Home Depot founder and billionaire GOP donor Ken Langone is back in the news for invoking the Nazis again, another stilted analogy relating the plight of the current American rich to 1930s Germany.
Back in March, Langone lamented the rising political focus on income inequality and what he saw as the vilification of the top 1 percent. "I hope it’s not working," he told Politico. "Because if you go back to 1933, with different words, this is what Hitler was saying in Germany. You don’t survive as a society if you encourage and thrive on envy or jealousy." After an uproar, he apologized for his remarks the next day.
But today he took back that apology and tried to clarify his original, flawed point. "[Hitler] came to power through a totally democratic process. So I simply said that just because we’re a democracy that doesn’t mean we can’t do bad things!" Langone told Capital New York. "I simply said just because we’re a democracy doesn’t mean you can’t have bad results," he added. "That's all! I stand on what I said."
Langone continued, taking aim at Rob Astorino, a Republican gubernatorial candidate in New York who previously criticized Langone's Hitler comments. "Then Astorino said, Governor Cuomo should repudiate that statement from Ken Langone. What statement did I make? My statement was that a democratic process could have bad results. You want proof? Go back to 1933. It was horrible results! I was only saying that we are, thank God, a democracy, and when our leaders pit group against group, it’s not constructive."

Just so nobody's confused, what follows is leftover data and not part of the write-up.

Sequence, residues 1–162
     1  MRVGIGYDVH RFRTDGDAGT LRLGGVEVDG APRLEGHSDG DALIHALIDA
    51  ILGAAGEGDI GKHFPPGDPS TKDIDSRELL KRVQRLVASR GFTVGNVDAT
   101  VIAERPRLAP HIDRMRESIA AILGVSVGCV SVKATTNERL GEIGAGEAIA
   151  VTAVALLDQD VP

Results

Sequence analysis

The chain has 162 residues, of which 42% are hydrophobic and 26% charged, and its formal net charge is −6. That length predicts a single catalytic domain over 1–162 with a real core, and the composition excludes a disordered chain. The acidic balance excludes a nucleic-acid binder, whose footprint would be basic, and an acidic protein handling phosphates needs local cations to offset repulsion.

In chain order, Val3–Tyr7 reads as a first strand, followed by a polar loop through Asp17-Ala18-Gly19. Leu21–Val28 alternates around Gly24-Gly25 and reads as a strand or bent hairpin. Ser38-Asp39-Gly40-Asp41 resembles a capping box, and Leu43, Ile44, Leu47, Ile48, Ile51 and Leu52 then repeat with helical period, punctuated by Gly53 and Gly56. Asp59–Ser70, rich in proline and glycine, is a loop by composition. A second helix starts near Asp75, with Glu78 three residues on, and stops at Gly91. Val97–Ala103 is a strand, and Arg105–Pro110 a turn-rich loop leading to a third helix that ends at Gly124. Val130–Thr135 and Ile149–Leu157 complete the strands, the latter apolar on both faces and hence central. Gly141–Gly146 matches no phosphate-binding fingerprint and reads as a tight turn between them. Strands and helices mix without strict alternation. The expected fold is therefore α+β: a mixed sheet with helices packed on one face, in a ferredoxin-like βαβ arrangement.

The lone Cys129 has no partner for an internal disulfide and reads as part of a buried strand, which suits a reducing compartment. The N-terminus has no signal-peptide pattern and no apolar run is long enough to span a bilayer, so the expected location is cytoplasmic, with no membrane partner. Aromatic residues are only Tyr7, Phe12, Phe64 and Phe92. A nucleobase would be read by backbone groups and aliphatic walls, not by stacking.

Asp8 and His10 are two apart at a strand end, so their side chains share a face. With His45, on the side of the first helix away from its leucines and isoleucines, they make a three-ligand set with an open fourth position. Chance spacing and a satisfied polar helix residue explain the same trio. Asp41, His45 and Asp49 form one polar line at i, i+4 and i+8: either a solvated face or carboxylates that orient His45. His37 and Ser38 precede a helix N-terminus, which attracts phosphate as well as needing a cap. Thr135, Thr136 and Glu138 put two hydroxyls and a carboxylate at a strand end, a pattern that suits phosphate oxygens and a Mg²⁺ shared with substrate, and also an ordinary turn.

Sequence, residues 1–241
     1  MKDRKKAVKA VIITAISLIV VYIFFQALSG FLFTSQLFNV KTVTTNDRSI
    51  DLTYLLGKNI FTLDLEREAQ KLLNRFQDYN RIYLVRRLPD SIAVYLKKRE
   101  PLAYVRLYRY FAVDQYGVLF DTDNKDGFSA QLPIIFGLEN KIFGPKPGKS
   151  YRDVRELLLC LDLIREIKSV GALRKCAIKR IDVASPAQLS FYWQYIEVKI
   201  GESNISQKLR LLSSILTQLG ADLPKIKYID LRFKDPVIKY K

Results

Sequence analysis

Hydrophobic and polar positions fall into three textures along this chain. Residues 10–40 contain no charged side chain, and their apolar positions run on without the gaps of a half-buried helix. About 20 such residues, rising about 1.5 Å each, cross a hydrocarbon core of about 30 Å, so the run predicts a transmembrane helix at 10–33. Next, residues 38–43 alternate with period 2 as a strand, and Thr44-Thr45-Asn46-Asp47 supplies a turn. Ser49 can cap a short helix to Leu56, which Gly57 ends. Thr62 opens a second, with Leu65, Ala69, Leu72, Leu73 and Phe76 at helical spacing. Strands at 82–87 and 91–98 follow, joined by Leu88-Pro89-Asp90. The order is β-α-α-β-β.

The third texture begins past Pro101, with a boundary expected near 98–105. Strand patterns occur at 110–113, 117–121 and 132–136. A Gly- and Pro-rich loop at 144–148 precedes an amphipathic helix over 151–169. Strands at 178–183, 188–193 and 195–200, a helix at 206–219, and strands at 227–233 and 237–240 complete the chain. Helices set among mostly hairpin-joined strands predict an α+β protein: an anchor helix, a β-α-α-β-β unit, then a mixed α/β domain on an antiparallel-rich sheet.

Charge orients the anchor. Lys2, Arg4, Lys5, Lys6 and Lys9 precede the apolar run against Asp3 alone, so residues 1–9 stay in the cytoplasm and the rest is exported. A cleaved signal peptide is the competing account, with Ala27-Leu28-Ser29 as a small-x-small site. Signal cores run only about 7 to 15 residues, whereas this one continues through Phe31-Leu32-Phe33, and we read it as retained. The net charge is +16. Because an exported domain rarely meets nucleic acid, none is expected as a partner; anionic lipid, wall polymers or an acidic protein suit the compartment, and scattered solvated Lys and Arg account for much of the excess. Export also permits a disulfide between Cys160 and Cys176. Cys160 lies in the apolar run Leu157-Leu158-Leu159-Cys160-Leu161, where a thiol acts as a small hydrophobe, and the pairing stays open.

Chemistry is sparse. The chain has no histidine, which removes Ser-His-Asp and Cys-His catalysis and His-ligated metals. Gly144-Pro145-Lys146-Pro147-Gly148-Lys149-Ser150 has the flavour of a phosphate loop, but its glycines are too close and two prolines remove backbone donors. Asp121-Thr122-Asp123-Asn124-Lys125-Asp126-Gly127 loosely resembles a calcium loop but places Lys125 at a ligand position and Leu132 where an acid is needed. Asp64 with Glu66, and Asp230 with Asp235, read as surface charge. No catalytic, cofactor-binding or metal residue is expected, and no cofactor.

It's clear from these comments that Langone does not regret his analogy to Nazi Germany, an argument popular among billionaires. Thankfully, Langone went on to clarify that he thought Hitler was indeed a bad person.
"I wanted to make it clear—I said the next day I want to make it very clear, if anybody took my remarks to say I was comparing Hitler to somebody else, please accept my apologies, because that’s not what I was saying. He was a horrible evil human being. I hope he’s burning in hell for eternity for what he did. I wasn’t talking about Hitler. I was talking about an election in 1933 that had very horrible results. I hope that’s a noble statement."
His original apology, then, was not for the analogy to Nazi Germany, but to the analogy to Hitler. That's a clarification that probably doesn't make the flawed comparison any better.
This article is from the archive of our partner The Wire.
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